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Sweet potatoes a good part of the Hoosier diet

Tuesday, October 11, 2011

Sweet potatoes are becoming an Indiana garden staple. Sweet potatoes are a very nutritional addition to anyone's diet. They are an excellent source of calcium, iron, vitamin, and minerals. They are an especially good source of vitamins A and C.

Sweet potatoes are rich in complex carbohydrates and beta carotene. Some of the pink, yellow, and green varieties are high in carotene. Health experts say we need to eat more dark green and orange vegetables. Sweet potatoes are a great option.

There are literally hundreds of varieties of sweet potatoes grown throughout the world. The flesh color can vary from light yellow to purple with a huge range of orange and red varieties. In some countries some of the very strongest colored sweet potatoes are used as clothing dyes.

The foliage is also used as an ornamental in planting and in containers. Sweet potatoes are a tropical vegetable and need about four to five months of growing season outside in warm temperatures. Sweet potatoes should be planted outside between May 20-June 10 to avoid a frost that could damage the plants. Note that if they are planted later there may be some yield reduction as sweet potatoes need a long growing season.

Traditional sweet potatoes have trailing vines with means they need a considerable amount of garden space. However, there are newer "bush" varieties that produce smaller vines and may fit your garden a little better.

Sweet potatoes are grown from slips which are transplants. It is usually more economical for a home gardener, only wanting a few plants, to purchase slips from a reputable grower. You may also be able to order slips and get some unique varieties to try in your garden.

Sweet potatoes should be harvested no later than the first fall freeze because cold temperatures can damage the sensitive roots. However, you may want to harvest earlier if you prefer a smaller sweet potato. Dig a test hill to see if they are the size you want. Sweet potatoes should be cured after being dug.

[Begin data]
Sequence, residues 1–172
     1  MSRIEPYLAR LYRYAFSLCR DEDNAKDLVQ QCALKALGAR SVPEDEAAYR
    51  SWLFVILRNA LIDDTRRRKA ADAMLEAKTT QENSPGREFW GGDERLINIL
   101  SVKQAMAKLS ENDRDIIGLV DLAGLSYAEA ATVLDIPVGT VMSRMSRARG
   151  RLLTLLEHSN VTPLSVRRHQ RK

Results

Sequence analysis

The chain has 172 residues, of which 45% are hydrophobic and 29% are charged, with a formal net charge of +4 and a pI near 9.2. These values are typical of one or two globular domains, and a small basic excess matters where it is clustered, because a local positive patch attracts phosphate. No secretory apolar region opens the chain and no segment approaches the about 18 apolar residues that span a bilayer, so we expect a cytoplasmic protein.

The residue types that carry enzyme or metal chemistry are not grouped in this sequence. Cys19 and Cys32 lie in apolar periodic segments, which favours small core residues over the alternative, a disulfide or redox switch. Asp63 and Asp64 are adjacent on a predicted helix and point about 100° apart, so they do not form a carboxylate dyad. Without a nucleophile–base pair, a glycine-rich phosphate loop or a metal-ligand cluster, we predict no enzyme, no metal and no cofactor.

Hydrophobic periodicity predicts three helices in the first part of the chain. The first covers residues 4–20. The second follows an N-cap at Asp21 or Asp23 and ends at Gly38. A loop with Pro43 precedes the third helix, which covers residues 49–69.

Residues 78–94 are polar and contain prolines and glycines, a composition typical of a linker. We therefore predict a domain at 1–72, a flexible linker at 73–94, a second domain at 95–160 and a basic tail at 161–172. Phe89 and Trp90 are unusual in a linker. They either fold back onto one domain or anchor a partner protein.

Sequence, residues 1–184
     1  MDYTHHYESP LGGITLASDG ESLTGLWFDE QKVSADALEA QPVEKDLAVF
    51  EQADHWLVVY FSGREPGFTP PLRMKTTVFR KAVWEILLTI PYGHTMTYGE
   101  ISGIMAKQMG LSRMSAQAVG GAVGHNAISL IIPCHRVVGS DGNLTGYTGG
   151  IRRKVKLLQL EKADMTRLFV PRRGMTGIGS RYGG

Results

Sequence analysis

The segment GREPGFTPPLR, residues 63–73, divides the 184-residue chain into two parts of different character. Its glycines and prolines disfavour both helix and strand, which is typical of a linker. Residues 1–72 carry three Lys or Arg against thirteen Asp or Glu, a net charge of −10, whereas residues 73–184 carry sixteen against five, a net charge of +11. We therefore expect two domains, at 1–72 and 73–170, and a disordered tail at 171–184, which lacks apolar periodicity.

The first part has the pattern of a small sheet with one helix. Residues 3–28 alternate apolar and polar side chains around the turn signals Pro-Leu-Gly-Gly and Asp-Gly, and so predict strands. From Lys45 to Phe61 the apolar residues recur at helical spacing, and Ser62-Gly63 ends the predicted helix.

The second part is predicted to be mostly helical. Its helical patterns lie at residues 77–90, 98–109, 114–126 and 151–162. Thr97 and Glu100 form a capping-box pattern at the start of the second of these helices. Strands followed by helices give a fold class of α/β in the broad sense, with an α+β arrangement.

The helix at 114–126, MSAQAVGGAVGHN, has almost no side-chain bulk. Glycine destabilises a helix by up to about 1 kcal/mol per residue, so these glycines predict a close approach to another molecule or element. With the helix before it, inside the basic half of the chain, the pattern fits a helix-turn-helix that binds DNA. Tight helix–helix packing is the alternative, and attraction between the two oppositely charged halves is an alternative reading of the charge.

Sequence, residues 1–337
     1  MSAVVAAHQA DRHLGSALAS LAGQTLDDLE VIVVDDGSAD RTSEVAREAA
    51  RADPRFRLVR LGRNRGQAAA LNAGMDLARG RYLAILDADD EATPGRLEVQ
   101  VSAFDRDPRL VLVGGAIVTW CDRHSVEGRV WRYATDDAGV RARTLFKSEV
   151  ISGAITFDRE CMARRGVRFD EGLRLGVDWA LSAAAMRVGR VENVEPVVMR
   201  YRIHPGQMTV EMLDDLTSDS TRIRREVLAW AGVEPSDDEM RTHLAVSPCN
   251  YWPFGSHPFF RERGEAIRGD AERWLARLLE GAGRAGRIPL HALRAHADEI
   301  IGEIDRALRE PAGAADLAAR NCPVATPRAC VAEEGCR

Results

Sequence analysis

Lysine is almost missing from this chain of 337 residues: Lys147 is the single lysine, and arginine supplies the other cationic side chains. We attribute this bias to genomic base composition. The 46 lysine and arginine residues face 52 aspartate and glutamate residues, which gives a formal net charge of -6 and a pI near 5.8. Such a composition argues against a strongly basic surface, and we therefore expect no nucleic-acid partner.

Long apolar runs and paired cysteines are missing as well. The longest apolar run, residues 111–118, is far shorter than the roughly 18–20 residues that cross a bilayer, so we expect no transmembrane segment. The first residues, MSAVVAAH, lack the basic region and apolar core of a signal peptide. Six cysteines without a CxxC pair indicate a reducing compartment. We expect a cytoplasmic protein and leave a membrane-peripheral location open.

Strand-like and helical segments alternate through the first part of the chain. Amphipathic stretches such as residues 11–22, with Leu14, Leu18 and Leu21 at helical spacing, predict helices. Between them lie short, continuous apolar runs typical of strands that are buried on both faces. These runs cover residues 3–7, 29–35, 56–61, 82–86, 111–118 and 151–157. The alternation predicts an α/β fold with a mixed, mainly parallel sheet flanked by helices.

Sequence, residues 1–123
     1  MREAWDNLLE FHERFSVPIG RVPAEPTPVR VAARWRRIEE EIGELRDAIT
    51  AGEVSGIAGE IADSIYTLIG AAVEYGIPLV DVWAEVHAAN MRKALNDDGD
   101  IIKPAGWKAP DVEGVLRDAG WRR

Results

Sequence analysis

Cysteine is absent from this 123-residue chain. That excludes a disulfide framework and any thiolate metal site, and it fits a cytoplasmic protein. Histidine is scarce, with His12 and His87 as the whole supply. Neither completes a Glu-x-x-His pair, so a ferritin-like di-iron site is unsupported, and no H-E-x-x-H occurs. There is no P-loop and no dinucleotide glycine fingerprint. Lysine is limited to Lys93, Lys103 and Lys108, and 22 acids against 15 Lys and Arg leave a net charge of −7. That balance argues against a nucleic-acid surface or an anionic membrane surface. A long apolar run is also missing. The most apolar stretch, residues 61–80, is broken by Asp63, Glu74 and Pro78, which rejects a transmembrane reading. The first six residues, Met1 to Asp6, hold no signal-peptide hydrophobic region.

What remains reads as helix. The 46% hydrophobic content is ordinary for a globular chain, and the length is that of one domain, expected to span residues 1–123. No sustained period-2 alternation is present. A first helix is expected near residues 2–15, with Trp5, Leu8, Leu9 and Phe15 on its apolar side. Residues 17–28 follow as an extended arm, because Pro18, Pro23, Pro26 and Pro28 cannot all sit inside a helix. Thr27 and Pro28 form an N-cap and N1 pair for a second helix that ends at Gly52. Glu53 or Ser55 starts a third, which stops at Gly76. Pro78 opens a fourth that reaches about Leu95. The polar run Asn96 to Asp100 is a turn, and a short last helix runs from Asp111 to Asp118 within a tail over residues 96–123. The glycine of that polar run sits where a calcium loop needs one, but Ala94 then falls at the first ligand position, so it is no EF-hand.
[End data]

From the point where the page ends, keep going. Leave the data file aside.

The digging process often damages the tender skin and curing helps these small wounds heal. Place the roots in a warm, humid location for five to ten days immediately after digging. A location with a temperature around 85 to 90 degrees is ideal. A space heater can be used to heat a small room or other area. Raise the humidity by placing moist towels in the room.

The curing process not only heals wounds but also helps convert starches to sugars. This process improves the texture and flavor of the roots.

Sweet potatoes should be stored above 55 degrees. Storage at temperatures below that injures the roots, shortens storage life and gives them an off-flavor. Take great care when harvesting the roots as the skin can be easily scratched, causing the sweet potato to rot. Freshly dug sweet potatoes can be easily damaged during washing, so cure the roots before the excess soil is removed.

Every year I am asked whether you can safely eat ornamental sweet potatoes. The answer is yes, but they will not taste as good as a variety grown to be eaten as a vegetable.

Ornamental sweet potatoes are grown for their colorful foliage and not their root taste. Enjoy growing and eating your sweet potatoes this fall and maybe next year try some new varieties in your garden.

This article was written in part by Ward Upham from Kansas state and Ann Delchambre ANR educator Putnam County.

If you have any questions please contact me at 653-8411 or email l adelchambre@purdue.edu or Facebook Putnam County Agriculture -- Purdue University.

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